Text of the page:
Review: The Hen Who Dreamed She Could Fly by Hwang Sun-mi
Publisher: Penguin Books
Publish Date: November 26, 2013
Format: Paperback | 144 pages
Rating: 4½ of 5
This is the story of a hen named Sprout. No longer content to lay eggs on command, only to have them carted off to the market, she glimpses her future every morning through the barn doors, where the other animals roam free, and comes up with a plan to escape into the wild—and to hatch an egg of her own.
Sprout wants more out of life than being a coop hen and laying eggs for the farmer. She dreams of being a barnyard hen and raising a family of chicks of her own. When Spout manages to escape from the chicken coop she finds the barnyard animals less than welcoming. The barnyard has a hierarchy of its own and laying hens are not a part of it. They tell her she has to leave.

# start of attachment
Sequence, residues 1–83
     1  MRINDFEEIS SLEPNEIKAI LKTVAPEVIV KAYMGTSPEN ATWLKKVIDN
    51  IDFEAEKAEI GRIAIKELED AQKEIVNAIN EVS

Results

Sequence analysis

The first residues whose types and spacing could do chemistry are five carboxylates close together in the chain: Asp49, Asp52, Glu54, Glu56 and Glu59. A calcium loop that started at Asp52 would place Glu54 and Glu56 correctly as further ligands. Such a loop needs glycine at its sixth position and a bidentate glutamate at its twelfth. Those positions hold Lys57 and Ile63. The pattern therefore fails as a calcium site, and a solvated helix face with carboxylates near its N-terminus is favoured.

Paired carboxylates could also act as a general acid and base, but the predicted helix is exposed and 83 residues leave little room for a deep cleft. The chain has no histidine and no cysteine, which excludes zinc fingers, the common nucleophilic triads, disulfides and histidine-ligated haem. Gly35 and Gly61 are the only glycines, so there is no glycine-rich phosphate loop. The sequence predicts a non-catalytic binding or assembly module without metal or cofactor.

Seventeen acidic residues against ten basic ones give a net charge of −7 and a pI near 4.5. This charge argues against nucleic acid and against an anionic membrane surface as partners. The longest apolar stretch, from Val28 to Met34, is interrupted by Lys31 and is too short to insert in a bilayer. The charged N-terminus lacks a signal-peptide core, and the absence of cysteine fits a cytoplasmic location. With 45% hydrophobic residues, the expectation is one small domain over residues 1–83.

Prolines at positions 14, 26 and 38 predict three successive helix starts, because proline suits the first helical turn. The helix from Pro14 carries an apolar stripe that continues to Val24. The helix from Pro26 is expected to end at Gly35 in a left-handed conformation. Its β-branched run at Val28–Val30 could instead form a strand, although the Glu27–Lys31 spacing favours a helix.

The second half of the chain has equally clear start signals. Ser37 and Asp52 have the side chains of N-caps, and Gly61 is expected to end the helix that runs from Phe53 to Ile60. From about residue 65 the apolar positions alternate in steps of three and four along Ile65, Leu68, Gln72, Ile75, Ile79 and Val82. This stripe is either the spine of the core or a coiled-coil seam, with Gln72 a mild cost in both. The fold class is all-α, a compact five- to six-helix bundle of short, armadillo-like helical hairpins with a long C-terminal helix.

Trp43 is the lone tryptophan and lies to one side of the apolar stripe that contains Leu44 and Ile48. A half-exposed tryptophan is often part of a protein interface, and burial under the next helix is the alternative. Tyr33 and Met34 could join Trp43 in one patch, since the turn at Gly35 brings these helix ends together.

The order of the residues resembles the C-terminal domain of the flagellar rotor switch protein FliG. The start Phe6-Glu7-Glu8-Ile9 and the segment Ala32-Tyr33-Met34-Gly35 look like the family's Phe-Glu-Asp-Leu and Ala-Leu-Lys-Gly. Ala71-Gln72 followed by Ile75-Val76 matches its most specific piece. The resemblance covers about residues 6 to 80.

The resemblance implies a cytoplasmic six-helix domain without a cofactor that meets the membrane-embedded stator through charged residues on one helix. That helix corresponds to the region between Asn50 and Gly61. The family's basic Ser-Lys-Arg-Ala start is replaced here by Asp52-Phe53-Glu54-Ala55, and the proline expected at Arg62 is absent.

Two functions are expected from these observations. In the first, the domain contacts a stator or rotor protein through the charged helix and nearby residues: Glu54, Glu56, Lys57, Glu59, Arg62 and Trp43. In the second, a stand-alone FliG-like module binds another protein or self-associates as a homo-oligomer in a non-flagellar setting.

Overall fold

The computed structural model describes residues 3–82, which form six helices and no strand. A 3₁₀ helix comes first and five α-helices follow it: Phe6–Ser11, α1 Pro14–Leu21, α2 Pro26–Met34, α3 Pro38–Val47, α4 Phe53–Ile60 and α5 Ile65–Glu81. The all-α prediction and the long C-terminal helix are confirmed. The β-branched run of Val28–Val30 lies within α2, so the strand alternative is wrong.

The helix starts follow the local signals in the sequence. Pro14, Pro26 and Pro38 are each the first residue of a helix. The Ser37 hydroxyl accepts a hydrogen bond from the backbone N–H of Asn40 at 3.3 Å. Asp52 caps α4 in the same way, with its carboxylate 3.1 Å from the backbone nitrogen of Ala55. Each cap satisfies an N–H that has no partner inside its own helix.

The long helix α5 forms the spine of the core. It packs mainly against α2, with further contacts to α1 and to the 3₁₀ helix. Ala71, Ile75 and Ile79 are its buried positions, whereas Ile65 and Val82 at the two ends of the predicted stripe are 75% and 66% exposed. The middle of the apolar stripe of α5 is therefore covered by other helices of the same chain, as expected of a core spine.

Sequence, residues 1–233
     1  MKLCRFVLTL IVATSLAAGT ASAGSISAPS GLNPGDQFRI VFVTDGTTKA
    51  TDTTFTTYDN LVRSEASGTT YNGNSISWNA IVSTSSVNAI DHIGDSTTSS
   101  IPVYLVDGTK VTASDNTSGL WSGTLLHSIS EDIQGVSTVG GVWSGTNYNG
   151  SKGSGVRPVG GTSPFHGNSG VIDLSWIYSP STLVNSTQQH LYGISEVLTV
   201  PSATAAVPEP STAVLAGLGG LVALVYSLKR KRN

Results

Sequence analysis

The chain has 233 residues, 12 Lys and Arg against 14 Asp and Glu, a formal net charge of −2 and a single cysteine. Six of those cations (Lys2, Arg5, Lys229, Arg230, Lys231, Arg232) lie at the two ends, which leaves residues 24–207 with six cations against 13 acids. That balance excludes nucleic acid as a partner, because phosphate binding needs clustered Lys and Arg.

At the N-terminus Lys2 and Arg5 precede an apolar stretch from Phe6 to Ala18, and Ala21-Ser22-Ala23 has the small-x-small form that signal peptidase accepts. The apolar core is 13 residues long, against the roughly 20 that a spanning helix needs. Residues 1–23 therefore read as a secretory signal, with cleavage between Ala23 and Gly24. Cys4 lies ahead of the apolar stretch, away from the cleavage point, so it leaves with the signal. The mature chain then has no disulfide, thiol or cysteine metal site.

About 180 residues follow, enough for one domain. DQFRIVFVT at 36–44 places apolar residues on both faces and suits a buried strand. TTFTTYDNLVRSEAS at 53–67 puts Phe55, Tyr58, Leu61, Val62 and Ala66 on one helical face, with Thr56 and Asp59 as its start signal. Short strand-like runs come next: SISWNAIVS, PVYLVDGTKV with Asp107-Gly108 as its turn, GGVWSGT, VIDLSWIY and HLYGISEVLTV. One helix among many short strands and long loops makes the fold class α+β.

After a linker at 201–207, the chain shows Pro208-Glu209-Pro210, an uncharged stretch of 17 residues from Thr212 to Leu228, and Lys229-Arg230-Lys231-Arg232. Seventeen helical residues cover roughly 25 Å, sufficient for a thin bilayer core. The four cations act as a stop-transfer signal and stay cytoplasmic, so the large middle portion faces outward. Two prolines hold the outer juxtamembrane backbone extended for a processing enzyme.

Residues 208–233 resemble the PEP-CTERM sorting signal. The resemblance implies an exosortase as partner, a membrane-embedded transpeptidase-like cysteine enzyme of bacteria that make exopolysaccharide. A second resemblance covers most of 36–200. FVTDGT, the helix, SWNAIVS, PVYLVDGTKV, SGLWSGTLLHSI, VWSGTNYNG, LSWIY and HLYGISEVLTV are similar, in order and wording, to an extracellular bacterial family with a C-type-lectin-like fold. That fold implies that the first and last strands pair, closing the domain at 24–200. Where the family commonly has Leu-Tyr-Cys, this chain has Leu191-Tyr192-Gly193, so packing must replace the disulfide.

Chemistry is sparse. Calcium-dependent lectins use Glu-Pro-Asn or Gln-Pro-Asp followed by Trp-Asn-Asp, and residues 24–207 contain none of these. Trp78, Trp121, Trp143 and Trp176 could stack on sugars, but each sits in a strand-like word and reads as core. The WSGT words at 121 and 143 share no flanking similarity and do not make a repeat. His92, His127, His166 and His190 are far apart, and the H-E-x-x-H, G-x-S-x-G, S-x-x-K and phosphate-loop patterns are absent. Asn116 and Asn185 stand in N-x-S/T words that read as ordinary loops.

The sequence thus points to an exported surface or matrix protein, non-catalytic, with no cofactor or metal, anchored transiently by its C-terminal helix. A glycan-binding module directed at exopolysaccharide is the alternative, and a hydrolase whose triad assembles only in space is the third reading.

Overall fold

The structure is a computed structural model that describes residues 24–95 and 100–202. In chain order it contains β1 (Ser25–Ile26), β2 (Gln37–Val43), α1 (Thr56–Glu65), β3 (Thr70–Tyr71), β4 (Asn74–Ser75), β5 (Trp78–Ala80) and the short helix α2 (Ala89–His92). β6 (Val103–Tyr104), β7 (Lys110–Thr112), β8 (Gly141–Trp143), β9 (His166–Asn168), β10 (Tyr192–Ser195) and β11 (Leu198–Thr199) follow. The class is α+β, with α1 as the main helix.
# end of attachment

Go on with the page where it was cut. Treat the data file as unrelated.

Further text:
Sprout is a determined hen. She perseveres and survives with the help of Straggler, a wild mallard duck, who is also an outsider to the barnyard. When Sprout finds an abandoned egg in a brier patch, she adopts it and broods it, raising the chick as her own with a mother’s love.
The story is a modern fable translated from Korean. It was a fast, easy read with simple, stark prose. I’m not sure if the simple prose is deliberate or if something was lost in the translation from the original version. It was filled with metaphors and rich in meaning, but had simple, straightforward phrasing. The story is appropriate for readers of all ages, however it might not be a good choice to read to very young children who might be sensitive to the reality of prey animals and life in the wild.
Although this is a small book it has a lot of substance. When you dig beneath the fairy tale surface there are lessons on what makes a family, life and death, sacrifice, and ultimately that we should never lose sight of our dreams.
Source: eGalley provided for review by Penguin Books.
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